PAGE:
Lowe’s Cos. Inc. posted fiscal second-quarter earnings that beat expectations, but analysts are warning that fewer do-it-yourself projects could put a squeeze on the home retailer for the near-to-mid-term.
“As anticipated, during the quarter we saw a decline in DIY demand versus last year as many families transitioned back to pre-COVID purchase patterns and weekend mobility after Memorial Day,” said Lowe’s
Chief Executive Marvin Ellison on the earnings call, according to a FactSet transcript.
“But because of the agility of our Total Home strategy, we were able to capitalize on Pro demand, driving growth of 21% this quarter and 49% on a two-year basis. This level of Pro growth would not have been possible without our intense focus on the Pro customer over the past 24 months.”
In April, Lowe’s announced new professional amenities, including a new Pro Zone.
Raymond James maintained its market perform rating on Lowe’s stock despite results that analysts called “impressive.”
“That said, we remain on the sidelines for now, as we are concerned about more muted near-term performance in 2H21 relative to peers, given Lowe’s smaller Pro exposure of ~20%…combined with the need to spend a notable amount of capital on long-term supply chain projects,” wrote analysts led by Bobby Griffin.
“This was evident in F2Q, with Home Depot’s comps outpacing Lowe’s by
610 basis points.”
“While Lowe’s has made many improvements to its Lowe’s For Pro’s program, which is reflected in the 21% sales growth it posted for this segment, it is coming from behind as Home Depot is still the preferred choice of a majority of professionals,” wrote Neil Saunders, managing director of GlobalData.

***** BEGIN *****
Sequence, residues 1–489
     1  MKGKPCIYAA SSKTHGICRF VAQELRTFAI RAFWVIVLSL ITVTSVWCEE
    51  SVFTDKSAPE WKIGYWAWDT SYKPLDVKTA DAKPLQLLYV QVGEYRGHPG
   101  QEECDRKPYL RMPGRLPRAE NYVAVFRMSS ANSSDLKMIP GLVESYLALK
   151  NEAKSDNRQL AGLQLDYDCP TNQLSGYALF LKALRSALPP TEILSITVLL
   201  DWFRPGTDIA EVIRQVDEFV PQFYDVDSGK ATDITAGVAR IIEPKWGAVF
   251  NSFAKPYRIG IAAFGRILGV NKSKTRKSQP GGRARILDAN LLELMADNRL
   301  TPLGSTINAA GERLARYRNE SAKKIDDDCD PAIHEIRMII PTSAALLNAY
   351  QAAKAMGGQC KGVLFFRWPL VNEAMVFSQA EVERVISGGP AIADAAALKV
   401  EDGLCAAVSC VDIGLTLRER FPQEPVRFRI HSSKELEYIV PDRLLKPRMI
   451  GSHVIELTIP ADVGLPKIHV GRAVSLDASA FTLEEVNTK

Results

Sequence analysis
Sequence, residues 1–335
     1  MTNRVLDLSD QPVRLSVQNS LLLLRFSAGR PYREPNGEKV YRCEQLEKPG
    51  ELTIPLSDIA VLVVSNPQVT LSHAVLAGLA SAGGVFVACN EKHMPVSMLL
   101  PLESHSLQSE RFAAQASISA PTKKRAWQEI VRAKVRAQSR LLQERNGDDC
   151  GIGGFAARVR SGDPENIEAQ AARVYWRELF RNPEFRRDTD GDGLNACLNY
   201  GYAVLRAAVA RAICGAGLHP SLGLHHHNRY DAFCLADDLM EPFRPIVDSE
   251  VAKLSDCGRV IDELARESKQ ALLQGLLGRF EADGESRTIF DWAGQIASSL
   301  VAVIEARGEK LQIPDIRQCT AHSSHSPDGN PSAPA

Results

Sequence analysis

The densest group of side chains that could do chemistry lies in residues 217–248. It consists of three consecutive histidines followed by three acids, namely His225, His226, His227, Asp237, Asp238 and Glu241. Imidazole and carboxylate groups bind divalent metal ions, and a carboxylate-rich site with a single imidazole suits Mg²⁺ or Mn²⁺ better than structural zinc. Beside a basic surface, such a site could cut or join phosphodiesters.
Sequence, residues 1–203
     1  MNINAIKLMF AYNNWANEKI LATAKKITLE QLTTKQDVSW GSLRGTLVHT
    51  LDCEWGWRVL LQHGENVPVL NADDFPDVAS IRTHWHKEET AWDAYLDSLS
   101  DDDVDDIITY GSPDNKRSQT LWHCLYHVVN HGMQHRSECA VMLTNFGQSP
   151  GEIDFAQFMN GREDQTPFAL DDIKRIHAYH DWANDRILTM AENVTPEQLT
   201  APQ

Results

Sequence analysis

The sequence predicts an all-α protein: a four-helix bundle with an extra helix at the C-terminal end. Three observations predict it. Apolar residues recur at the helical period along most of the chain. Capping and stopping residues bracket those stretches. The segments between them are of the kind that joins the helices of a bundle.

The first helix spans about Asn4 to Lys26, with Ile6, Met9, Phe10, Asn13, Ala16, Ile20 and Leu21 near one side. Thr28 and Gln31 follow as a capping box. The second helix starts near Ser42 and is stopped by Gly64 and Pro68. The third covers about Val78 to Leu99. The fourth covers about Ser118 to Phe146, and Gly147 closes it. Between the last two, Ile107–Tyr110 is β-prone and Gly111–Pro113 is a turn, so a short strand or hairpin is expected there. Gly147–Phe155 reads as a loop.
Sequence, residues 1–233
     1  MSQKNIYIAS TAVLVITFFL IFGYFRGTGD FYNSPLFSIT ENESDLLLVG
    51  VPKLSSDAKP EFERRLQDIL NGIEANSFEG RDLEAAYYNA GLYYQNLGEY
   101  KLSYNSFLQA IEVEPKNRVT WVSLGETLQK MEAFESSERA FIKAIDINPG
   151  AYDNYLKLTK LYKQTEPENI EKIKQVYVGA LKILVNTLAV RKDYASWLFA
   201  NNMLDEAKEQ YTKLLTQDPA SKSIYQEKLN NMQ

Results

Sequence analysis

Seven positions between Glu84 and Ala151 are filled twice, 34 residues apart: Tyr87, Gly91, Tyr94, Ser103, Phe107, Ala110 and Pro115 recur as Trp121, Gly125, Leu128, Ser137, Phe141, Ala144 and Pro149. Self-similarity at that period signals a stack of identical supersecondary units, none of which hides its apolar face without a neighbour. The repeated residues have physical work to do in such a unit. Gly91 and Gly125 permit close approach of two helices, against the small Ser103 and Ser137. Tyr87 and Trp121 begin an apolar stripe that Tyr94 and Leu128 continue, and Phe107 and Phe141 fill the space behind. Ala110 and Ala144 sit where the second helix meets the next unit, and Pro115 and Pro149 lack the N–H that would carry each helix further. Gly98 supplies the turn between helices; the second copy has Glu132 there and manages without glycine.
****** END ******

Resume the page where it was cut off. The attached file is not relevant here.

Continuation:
“Some of this is habitual, but a lot is also down to a perception that Home Depot has a superior range, is better at having items in stock, and offers a wider selection of services. Over the quarters ahead, it will be vital for Lowe’s to correct some of these perceptions and double down on attracting professionals if it wants to boost growth.”
Wedbush analysts also factor in the impact of lumber prices on DIY projects.
“The company’s updated outlook assumes the home improvement market will moderate given lower levels of commodity inflation and a continued increase in consumer mobility driven by a return to work and school; however, the environment remains fluid with the delta variant trends creating new uncertainty,” analysts said.
Wedbush rates Lowe’s stock neutral with a $210 price target.
Lowe’s stock has gained 5.6% for the week so far, compared with a 2.6% decline for Home Depot.
Lowe’s shares have added 25.3% for the year to date, outpacing the S&P 500 index
which is up 17.4%.